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Community Chronicles – Maple Tapping

Megan Ernspiker securing bucket around tree to catch maple sap in. Photo by Tabitha Elmore-Young

Tabitha Elmore-Young

Gimlet Reporter


On last Saturday’s cool evening, Michigan native Megan Ernspiker who now lives just north of Brownsville was seen tapping her three sugar maples in her front yard. “While any maple tree will produce sap, Sugar Maple is the best, but you should tap it before it buds.” Ernspiker said during an interview. Her trees are producing around six gallons of sap a day altogether, she also stated that it normally takes around 40 gallons of sap just to produce one gallon of maple syrup.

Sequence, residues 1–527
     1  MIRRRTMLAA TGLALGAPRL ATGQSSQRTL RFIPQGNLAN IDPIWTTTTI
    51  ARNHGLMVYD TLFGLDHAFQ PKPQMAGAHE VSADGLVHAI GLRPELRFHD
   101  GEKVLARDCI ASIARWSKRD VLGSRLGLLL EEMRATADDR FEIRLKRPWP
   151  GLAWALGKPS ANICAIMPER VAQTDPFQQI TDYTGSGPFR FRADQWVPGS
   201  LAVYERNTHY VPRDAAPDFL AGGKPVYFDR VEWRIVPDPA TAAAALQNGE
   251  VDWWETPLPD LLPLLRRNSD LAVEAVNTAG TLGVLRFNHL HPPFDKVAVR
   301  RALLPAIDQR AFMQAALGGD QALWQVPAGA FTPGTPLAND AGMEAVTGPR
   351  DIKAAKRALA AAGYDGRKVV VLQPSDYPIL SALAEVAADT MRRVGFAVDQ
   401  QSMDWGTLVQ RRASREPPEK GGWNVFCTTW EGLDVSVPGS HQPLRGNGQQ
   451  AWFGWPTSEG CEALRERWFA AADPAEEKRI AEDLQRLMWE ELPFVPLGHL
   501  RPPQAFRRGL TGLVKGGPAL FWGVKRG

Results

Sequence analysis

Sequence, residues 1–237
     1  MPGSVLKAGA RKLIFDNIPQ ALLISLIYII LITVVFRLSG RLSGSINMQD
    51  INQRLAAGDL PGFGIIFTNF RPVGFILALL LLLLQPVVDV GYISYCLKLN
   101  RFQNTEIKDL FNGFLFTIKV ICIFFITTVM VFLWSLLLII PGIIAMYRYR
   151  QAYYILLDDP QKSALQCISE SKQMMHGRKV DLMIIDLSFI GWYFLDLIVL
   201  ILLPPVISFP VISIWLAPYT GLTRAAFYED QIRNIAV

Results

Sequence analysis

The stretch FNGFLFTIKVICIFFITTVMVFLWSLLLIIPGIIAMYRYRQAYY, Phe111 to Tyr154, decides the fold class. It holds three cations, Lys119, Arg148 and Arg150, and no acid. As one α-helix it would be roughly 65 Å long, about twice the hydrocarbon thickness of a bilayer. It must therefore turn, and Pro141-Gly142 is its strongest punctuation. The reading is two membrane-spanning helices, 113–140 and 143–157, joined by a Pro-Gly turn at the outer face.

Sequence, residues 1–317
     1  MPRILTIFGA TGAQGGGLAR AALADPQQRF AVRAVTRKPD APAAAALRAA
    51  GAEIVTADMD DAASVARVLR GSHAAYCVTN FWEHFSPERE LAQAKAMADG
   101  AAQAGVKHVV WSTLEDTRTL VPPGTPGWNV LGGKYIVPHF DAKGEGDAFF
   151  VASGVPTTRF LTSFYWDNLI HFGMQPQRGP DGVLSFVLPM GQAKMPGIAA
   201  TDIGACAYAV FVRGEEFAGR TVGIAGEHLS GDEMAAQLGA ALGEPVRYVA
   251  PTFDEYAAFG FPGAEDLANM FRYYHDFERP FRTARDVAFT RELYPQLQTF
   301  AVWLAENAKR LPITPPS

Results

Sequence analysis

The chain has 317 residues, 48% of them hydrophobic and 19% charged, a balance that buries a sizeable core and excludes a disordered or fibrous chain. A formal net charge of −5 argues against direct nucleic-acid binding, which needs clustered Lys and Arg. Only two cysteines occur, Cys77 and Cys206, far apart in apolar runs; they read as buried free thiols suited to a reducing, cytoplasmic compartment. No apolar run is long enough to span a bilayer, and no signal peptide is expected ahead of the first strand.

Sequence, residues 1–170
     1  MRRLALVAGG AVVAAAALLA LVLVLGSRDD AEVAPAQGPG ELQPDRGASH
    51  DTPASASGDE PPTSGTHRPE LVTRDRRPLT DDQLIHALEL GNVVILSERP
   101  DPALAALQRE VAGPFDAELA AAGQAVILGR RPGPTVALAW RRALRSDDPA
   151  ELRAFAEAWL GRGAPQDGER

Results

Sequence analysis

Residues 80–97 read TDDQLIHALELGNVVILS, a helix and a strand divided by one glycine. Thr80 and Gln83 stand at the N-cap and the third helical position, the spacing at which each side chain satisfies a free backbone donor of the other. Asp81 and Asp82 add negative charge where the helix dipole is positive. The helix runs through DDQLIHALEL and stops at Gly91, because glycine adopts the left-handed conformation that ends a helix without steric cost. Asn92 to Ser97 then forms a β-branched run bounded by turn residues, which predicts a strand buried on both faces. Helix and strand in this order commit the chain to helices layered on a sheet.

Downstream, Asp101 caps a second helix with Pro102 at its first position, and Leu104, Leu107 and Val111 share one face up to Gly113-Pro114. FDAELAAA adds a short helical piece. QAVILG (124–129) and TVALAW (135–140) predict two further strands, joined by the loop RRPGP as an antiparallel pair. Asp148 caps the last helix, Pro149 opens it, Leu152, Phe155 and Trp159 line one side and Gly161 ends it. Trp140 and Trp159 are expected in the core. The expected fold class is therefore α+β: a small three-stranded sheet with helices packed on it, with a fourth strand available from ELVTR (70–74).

“When the temperature is warm the tree sends its sap up towards its branches, but when the temperature drops the tree sends the sap back down towards the roots. When you tap the trunk, it creates a leak for the sap to run out while it descends back down.” Ernspiker Explains.

Megan has been boiling her sap down to make syrup, although when asked if she would be selling it Megan stated that she was only making syrup as a hobby. She only has about half of the sap she needs to make a complete gallon. Megan reflected on her childhood stating that she could remember when her parents tapped their maples as a child back in Michigan.

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